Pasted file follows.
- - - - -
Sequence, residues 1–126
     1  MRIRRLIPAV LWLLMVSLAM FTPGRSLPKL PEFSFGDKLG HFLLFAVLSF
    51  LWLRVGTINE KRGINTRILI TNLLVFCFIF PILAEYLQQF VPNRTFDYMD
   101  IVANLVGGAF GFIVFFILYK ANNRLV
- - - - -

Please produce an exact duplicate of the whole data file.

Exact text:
Sequence, residues 1–126
     1  MRIRRLIPAV LWLLMVSLAM FTPGRSLPKL PEFSFGDKLG HFLLFAVLSF
    51  LWLRVGTINE KRGINTRILI TNLLVFCFIF PILAEYLQQF VPNRTFDYMD
   101  IVANLVGGAF GFIVFFILYK ANNRLV